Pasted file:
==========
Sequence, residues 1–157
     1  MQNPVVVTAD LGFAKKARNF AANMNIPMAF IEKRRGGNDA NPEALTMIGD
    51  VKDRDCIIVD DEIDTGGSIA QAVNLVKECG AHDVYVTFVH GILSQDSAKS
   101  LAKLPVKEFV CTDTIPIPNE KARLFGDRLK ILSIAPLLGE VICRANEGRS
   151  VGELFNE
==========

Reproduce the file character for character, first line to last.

Sequence, residues 1–157
     1  MQNPVVVTAD LGFAKKARNF AANMNIPMAF IEKRRGGNDA NPEALTMIGD
    51  VKDRDCIIVD DEIDTGGSIA QAVNLVKECG AHDVYVTFVH GILSQDSAKS
   101  LAKLPVKEFV CTDTIPIPNE KARLFGDRLK ILSIAPLLGE VICRANEGRS
   151  VGELFNE